Leaving aside events in Cyprus earlier in the year, this was the first year since the Greek bailout in 2010 that the single currency was not jumping from crisis to crisis. In the background, Draghi’s infamous pledge to do “whatever it takes” in the summer of 2012 (backed up with the OMT programme) provided a strong structural support to the euro. It meant that the market could move on from obsessing about Italian and Spanish bond yields.
The extent to which structural problems are being solved or just being pushed in into the future (let’s not mention cans) remains valid. I don’t see this being resolved in 2014. Instead the impact of anaemic growth, low inflation (deflation in some of the periphery) will be shielded by the presence of the OMT, together with further policy measures from the ECB (more liquidity, negative deposit rate). Outright QE remains intellectually appealing, but operationally questionable and politically unacceptable, especially in Germany.
The often asked question is whether the worst is over? Probably not is the answer. Most likely 2015 will be more painful than 2014 as the impact of higher bond yields globally impinges on the funding costs of both peripheral and some core markets. The politics is complicated, but the economics is a lot easier. Debt crisis are only really solved via inflation, currency devaluation or default and most likely a combination thereof. Low growth and fiscal policies are limiting inflation (and threatening deflation in some cases), the second is not an option and default remains politically unacceptable, bar the restructuring seen in Greece.
But internal devaluation, seeing lower inflation in the periphery vs. the core is an imperfect cure for two reasons. Firstly, it needs to be matched by labour costs, which has happened in Ireland, is happening Greece, but is absent in Italy (and also France). Secondly, it comes because of Germany’s intolerance of high inflation (for structural and historical reasons).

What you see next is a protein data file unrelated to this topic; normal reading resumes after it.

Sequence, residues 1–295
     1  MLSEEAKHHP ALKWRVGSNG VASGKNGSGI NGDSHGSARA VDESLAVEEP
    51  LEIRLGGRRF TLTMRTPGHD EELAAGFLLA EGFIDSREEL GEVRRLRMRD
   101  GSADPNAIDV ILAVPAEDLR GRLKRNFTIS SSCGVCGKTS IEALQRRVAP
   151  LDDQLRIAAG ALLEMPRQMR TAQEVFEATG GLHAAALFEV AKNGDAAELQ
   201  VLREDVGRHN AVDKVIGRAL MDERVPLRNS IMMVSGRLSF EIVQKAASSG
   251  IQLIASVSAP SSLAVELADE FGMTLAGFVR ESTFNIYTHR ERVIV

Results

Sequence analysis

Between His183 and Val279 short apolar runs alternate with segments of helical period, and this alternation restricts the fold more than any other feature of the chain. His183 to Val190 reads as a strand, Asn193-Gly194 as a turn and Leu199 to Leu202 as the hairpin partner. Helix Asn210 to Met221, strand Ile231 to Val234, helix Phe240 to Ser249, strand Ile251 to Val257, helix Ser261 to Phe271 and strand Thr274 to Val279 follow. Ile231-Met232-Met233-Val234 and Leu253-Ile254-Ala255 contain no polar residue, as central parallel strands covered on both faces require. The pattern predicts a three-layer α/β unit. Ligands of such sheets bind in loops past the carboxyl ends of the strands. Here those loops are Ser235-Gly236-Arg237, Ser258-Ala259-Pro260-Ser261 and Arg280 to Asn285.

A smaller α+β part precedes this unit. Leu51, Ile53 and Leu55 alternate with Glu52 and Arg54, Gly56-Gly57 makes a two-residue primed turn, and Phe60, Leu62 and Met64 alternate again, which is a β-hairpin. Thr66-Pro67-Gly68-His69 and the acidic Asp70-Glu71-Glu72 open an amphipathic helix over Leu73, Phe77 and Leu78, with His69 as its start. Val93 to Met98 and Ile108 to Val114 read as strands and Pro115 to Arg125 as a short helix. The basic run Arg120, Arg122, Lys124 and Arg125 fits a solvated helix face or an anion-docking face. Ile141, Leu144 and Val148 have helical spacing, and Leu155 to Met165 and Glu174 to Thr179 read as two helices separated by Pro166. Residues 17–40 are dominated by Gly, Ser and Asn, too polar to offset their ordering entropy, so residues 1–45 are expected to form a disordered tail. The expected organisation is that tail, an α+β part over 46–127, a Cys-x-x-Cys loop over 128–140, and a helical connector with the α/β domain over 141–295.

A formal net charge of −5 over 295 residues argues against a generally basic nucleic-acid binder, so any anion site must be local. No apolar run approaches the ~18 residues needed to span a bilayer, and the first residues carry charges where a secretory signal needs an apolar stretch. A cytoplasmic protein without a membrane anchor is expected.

Picking holes and issues in the make-up of the eurozone is easy. Translating this to currency implications is easy, not least because the euro is unique in its design, going through a period unique in recent financial history. Two things have stood out in recent months. Firstly, the euro performed relatively well during the tapering scare. Emerging markets were under pressure, especially those with current account deficits and/or near-term funding issues. The euro benefited from this to a degree. Secondly and more recently, the euro also performed well in the wake of the November easing.
I outlined in November the more bullish case for the euro (see “Why the euro will do well”). In brief, history suggests that low inflation, low rates, with positive and rising current account surplus has tended to be a positive backdrop for currencies. Further easing measures will have limited impact on market rates, so will also not be that negative for the euro. Even with tapering, after the initial dollar bounce, the euro should continue to perform well in the early part of 2014 and even when dollar strength is more broad-based, the euro will continue to outperform both sterling and the yen.